Monthly Archives: January 2010

Toyota’s Troubles: Real-Time Memory Loss

There is a lot of media hype of late concerning the series of recalls that Toyota has undertaken. While some of the numbers may be staggering, recalls are quite routine. One site, http://www.autorecalls.us/ enables you to search any make or model, from Porche and Bentley to that paragon of quality, Mercedes-Benz. The NHTSA has a database of defects and recalls http://www-odi.nhtsa.dot.gov/.

Here are some notable recalls that other manufacturers have undertaken in the past 6 years, according to Reuters via Yahoo Finance:

2004 – GM recalled nearly 4 million pickups because of corroding tailgate cables.

April 2005 – GM said it was recalling more than 2 million vehicles to fix a variety of potential safety defects, most of them on cars and trucks sold in the U.S. GM said the largest of the safety actions included 1.5 million full-size pickup trucks and sport utility vehicles from the 2003 to 2005 model years with second-row seat belts that may be difficult to properly position across passengers’ hips.

Oct. 2005 – Toyota recalled about 1.41 million cars globally, including the Corolla and 15 other models, due to trouble with their headlight switching systems.

Dec. 2007 – Chrysler LLC said it would recall 575,417 vehicles as long-term wear on the gear shift assembly could cause them to shift out of park without the key in the ignition. The recall involved 2001 to 2002 model-year Dodge Dakota pickup trucks, Durango sports utility vehicles and Ram van models and 2002 model-year Ram pickup trucks.

Aug. 2008 – GM announced a recall of 857,735 vehicles equipped with a heated windshield wiper fluid system for a potential short-circuit problem, according to federal safety regulators.

Sept. 2009 – Toyota said it would recall approximately 3.8 million vehicles in the U.S. because of floor mats that could have come loose and force down the accelerator. The problem was suspected in crashes that have killed five people.

Oct. 2009 – Ford completed a series of recalls affecting 14 million vehicles due to faulty cruise control deactivation switch. The latest recall involved some 4.5 million vehicles. The action effectively closed out a 10-year saga over the switches made by Texas Instruments that led to more than a half-dozen recalls, the automaker said.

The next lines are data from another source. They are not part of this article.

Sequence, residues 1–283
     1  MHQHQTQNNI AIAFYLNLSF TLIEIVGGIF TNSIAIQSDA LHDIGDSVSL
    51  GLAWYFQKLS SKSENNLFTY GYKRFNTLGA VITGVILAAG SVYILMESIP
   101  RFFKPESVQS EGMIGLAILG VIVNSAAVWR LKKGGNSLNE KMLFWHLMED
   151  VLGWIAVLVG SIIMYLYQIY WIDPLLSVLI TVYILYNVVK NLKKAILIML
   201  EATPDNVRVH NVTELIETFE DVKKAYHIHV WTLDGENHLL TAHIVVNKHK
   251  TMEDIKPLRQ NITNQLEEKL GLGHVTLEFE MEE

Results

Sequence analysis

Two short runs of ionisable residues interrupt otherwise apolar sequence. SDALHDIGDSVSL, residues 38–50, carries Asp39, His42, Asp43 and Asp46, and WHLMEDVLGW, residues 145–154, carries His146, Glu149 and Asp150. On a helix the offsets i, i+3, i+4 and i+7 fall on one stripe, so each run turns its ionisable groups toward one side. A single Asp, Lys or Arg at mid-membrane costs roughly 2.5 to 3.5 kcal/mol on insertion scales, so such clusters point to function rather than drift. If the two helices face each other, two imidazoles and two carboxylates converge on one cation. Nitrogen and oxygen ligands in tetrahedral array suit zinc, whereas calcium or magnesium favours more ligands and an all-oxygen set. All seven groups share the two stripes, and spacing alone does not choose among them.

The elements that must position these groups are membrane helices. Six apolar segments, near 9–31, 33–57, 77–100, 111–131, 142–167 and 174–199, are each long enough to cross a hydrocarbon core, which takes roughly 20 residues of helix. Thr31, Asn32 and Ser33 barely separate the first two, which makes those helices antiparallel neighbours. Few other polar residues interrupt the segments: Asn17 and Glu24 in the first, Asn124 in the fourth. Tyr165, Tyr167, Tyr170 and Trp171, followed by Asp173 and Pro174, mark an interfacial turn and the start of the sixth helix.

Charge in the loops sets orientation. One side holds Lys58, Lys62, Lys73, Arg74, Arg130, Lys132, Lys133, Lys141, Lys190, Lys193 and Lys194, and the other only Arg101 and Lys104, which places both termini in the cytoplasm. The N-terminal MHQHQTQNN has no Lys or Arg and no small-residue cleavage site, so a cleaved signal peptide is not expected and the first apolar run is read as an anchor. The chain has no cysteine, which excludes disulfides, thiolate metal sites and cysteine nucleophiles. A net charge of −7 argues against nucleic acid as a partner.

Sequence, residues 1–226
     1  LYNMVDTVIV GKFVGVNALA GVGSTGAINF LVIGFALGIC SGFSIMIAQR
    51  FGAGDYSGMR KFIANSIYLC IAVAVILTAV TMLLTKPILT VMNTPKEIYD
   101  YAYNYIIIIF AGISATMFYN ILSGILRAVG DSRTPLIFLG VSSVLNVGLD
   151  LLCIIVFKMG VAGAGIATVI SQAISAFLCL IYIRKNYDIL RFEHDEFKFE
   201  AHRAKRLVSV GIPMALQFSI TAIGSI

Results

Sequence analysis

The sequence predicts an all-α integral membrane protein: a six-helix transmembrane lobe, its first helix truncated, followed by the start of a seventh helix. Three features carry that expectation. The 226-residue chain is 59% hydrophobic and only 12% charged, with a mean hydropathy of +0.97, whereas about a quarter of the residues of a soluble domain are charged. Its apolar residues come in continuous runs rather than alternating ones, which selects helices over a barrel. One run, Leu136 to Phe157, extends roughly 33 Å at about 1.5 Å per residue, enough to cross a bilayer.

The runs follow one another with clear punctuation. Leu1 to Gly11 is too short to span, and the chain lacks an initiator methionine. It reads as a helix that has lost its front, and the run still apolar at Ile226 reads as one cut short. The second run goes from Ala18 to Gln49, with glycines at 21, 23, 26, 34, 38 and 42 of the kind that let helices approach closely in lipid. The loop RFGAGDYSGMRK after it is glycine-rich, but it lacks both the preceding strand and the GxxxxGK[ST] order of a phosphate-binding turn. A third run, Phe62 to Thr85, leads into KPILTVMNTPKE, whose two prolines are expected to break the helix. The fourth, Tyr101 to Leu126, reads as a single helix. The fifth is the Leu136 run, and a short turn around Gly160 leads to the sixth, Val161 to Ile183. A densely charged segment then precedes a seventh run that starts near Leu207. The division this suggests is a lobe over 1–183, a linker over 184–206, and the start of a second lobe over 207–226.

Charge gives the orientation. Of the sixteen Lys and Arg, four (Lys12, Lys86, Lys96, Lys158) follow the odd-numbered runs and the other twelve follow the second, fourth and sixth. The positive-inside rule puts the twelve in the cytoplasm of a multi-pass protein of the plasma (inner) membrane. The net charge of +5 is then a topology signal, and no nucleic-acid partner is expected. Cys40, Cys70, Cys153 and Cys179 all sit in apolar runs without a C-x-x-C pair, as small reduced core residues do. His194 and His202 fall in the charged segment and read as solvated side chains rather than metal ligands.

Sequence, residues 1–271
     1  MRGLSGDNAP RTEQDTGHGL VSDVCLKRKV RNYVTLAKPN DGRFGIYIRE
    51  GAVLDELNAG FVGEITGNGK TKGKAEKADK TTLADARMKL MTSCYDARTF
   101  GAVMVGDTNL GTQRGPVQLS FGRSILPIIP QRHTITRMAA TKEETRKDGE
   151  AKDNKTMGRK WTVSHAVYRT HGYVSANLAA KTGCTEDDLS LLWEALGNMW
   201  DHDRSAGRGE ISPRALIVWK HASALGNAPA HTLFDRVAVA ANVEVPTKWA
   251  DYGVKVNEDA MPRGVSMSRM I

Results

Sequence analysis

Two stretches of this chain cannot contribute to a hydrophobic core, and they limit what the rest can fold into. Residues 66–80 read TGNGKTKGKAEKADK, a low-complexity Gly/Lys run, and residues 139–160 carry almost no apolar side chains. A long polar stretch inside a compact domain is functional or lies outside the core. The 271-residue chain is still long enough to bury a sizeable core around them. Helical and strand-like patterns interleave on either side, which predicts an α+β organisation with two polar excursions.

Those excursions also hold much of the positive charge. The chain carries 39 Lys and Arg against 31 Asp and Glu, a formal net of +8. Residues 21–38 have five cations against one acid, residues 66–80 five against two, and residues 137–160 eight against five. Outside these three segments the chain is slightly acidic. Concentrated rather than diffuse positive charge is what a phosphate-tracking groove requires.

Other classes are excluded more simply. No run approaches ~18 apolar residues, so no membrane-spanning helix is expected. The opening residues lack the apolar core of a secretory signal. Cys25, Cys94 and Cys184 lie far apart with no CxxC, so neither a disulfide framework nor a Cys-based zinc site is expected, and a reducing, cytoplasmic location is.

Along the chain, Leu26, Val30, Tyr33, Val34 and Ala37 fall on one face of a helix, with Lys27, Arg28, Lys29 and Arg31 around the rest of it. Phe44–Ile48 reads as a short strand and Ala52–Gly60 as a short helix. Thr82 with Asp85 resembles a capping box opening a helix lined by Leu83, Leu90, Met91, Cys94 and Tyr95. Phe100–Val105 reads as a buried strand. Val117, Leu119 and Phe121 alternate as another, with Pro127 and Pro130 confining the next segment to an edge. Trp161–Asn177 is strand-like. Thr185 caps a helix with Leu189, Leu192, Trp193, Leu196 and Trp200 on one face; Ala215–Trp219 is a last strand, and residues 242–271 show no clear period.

While Toyota might not have done the best job of handling recalls in a textbook public relations fashion, they nonetheless are getting on with the job of remediating the issues.

Let’s remember, far more people get killed in the US every year by drunk drivers than by faultly automobiles. According to the NHTSA drunk driving deaths (11,773) accounted for 32% of the total amount of United States car accident deaths (37,261) in 2008. Prohibition is not likely to return in this millenium.

As we race about this new social world of real-time, let’s take the time to pause, get the facts together and put the real world into perspective.

Ted Morris, 4ScreensCRM

My Butter, My Friend?

The ARF (Advertising Research Foundation) recently published an artful piece via Fast Company on how social media should be levered for the purpose of building brands. With the caption, “No, I don’t want to be friends with my butter” the post took the assumptive position that social media is a way for brands (any brand really) to build a social movement in order to shape an augmented brand experience – join the conversation around your unsalted butter experience, in a way.

Well, here’s what’s shaping up. As much as the notion that the social media “firehose” is probably dogma by now, when it gets down to engaging with butter, consumers are being asked for a bit too much. Let’s face it, in any househould we likely have over 1000 brands that we have purchased within the past year. In my kitchen pantry alone, some 87 brands are represented. When full, our GE refrigerator has 5 brands of cheese, 9  brands of beverages (and 1 brand of unsalted butter, which I am not at liberty to disclose). Then there’s the workshop, laundry room, bathroom and clothes closet. Even in my car, I’ve got stuff from several brands: Purell to Kleenex, Scott paper towels, Goodyear Tires, a VDO pressure gauge, AAA maps, Altoid mints and two empty coffee cups SBux (hers) McD’s (his) to name a few.

Imagine a world when every brand that you consider, let alone purchase, or just notice, wants to be your best friend. Is it not prudent to first understand whether or not a brand is one of high versus low emotional involvement? Brand strategy needs to figure at the front end of defining a media roadmap, social or otherwise in building brand awareness and engagement. Otherwise, how does one reconcile advertising clutter in the digital age? I cannot find the words to describe…

As for a relationship with butter, only my toast knows for sure.

– Ted Morris, 4ScreensMedia

Social Media Monitoring: Skyped!

 Just Signal is a company that has developed an application bringing social media monitoring to business that is cost effective. They’re not alone. Trendr is another such company that gets you started on $0 per month. Their pricing options include Gold, Platinum and Elite services, where at a maximum entry point of $999/month, provide unlimited reports and analytics on as many trending topics or brands as your heart desires. This pricing schema compares favourably with providers such as Radian6 and Sysomos, firms widely associated with a SaaS model.